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  • 1. SHUMEZ H.
  • 2. HEINRICH AUSPITZ Akantha - thorn Lysis - loosening
  • 3. Definition  Loss of coherence between epidermal cells due to the breakdown of their intercellular bridges.  The cells remain intact but are no longer attached to each other.  They tend to acquire the smallest possible surface area and become rounded up, resulting in intradermal clefts, vesicles and bullae.
  • 4. Basic Structures  Desmosomal Cadherins are cell adhesion molecules which bind one keratinocyte to another.  They are of 2 types :  Transmembrane compounds - Desmoglein & Desmocollin  Cytoplasmic compounds - Desmoplakin & Plakoglobin  Cadherins are calcium ion dependent cell adhesion molecules.
  • 5.  Desmogleins are of 3 types: Dg1 - pemphigus foliaceous – upper layers of epidermis Dg2 - all desmosome possessing tissues Dg3 – pemphigus vulgaris – basal & parabasal layers  Desmocollins are of 2 types: Dc1 & Dc2 - SCPD ( SubCorneal Pustular Dermatosis ) type of IgA pemphigus
  • 6. Pathogenesis  Desmosomal Cadherins are the primary pathological targets in acantholysis.  Acantholysis is initially characterised by separation of the inter desmosomal regions followed by splitting and disappearance of desmosomes, forming intercellular gaps.  These intercellular gaps result in fluid influx from the dermis leading to cavity formation, which maybe suprabasal, mid - epidermal, subcorneal in location.
  • 7.  The acantholytic cells remain metabolically active for some time and retain their capacity for DNA synthesis.  Another important molecule in the pathogenesis of acantholysis is syndecan - 1, a heparan sulfate proteoglycan on the keratinocyte membrane, which functions in intercellular adhesion.  Absent or markedly decreased syndecan - 1 is expressed by acantholytic keratinocytes.
  • 8. Triggers  Autoimmunity  Drugs  Infections  Burns  Genetics  Heat, UV rays  Ionizing radiation  Contact dermatitis  Trauma, macerations
  • 9. Classification Classified as Primary or Secondary  Primary Acantholysis : In these diseases, acantholysis is the primary event leading to formation of intraepidermal cavities and hence the manifestations of the disease.  Secondary Acantholysis : Acantholysis is secondary to alteration / damage to keratinocytes by various factors. So, keratinocytes are injured first followed by subsequent disintegration of desmosomes.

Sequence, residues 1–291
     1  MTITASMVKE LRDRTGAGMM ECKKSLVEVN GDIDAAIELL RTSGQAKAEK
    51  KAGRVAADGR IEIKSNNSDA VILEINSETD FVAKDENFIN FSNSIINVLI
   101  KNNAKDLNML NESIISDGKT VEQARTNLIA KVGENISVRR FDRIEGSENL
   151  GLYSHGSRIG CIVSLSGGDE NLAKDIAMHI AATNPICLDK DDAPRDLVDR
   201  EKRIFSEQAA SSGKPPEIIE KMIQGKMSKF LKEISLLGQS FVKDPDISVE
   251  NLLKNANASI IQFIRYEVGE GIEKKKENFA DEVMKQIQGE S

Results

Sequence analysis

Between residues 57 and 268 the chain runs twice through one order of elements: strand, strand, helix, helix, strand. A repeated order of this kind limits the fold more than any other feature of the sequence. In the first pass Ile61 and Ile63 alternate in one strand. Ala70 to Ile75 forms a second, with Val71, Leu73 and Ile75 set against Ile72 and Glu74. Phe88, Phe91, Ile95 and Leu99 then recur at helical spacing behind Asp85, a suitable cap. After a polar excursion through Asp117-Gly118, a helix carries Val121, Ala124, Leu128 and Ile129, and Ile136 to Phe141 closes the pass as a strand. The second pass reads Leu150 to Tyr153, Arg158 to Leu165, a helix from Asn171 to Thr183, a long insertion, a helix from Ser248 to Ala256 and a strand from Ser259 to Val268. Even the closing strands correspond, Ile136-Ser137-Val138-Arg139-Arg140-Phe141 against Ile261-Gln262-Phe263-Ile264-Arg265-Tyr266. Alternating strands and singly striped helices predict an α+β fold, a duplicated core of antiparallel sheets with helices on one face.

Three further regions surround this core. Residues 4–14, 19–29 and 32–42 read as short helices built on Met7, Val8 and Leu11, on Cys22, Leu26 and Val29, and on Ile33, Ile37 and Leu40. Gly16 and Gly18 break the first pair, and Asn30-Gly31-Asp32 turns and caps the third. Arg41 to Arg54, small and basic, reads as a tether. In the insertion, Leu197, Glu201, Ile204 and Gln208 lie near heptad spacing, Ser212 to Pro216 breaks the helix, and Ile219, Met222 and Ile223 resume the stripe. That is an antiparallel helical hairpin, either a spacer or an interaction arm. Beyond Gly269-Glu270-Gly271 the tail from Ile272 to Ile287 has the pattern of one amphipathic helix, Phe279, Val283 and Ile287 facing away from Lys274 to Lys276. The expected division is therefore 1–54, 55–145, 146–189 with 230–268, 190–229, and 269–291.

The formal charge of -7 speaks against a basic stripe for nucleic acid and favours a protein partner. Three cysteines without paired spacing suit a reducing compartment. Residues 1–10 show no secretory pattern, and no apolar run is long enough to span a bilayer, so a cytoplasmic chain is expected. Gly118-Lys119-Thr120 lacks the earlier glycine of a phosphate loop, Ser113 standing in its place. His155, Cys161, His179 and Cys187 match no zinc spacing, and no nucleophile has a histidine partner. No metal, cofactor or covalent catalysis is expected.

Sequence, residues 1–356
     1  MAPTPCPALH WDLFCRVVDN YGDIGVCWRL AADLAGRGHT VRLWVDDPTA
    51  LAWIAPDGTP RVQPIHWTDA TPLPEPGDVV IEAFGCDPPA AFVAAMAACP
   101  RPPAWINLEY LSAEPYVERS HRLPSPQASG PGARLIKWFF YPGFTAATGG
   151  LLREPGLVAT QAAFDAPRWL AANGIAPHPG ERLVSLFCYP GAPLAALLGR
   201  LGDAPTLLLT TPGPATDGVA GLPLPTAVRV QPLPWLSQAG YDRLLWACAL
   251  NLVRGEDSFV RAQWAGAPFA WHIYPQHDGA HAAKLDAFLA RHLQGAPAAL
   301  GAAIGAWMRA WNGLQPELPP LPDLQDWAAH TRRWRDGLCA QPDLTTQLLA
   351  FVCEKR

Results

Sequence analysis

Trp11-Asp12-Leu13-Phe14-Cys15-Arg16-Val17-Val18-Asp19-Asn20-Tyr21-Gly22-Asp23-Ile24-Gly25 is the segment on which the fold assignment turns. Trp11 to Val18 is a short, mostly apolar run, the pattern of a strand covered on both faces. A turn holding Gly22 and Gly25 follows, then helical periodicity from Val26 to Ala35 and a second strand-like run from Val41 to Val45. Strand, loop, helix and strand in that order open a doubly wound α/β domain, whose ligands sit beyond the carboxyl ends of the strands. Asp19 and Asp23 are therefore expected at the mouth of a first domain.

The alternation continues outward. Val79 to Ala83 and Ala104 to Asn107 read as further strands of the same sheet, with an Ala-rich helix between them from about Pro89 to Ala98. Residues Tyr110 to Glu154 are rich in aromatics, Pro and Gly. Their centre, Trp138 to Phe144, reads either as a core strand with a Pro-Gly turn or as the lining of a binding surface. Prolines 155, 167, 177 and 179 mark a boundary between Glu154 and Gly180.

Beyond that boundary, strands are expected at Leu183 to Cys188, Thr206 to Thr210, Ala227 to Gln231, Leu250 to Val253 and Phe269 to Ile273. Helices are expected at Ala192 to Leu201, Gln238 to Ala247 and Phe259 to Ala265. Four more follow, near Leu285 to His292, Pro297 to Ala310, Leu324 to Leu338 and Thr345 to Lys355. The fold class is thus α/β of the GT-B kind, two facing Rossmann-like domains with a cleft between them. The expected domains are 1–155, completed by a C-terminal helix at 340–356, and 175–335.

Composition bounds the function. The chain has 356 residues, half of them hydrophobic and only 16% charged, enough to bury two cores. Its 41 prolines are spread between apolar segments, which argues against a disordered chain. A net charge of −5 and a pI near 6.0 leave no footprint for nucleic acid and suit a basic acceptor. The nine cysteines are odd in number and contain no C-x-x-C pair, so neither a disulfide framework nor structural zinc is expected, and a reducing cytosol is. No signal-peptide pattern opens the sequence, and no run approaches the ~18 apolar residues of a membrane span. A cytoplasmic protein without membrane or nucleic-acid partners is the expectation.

• 10. Causes of primary acantholysis  Pemphigus vulgaris and its variants  Pemphigus foliaceous and its variants  Hailey - Hailey disease  Darier’s disease  Transient acantholytic dermatosis  Bullous impetigo  Staphylococcal scalded skin syndrome
  • 11. Causes of secondary acantholysis  Herpes simplex virus infections  Herpes zoster  Condyloma acuminatum  BT leprosy  Epidermolytic hyperkeratosis  Epidermolysis bullosa  Lethal acantholytic EB  Acantholytic Dowling - Meara type of EB simplex  Mal de Meleda type of PPK
  • 12.  Galli - Galli disease  Solar keratosis  Acantholytic acanthoma  Adenoid squamous cell carcinoma  Basal cell carcinoma  Keratoacanthoma  Dermatofibroma  Elastolytic granuloma  Leukocytoclastic vasculitis  Psoriasis
  • 13. Acantholysis in Pemphigus  The conventional concept is that PV IgG binds to Dsgs resulting in stearic hindrance, interference with desmosomal cadherin trans-interactions and loss of intercellular adhesion.  Plasminogen activation in lesional epidermis is also believed to contribute to acantholysis.  The binding of antibodies to peripheral myelin protein (PERP) and/or cellular acetylcholine receptor (AChR), leads to dissociation of adhesion molecules and also initiates apoptosis.
  • 14.  Subsequently, tonofilaments collapse and keratinocytes shrink with sloughing of desmosomes, which elicits an autoimmune response.  Finally, anti-Dsg antibodies bind to their targets precluding formation of new intercellular junctions.  The linking of the apoptotic pathways to basal cell shrinkage and suprabasal acantholysis has been termed apoptolysis.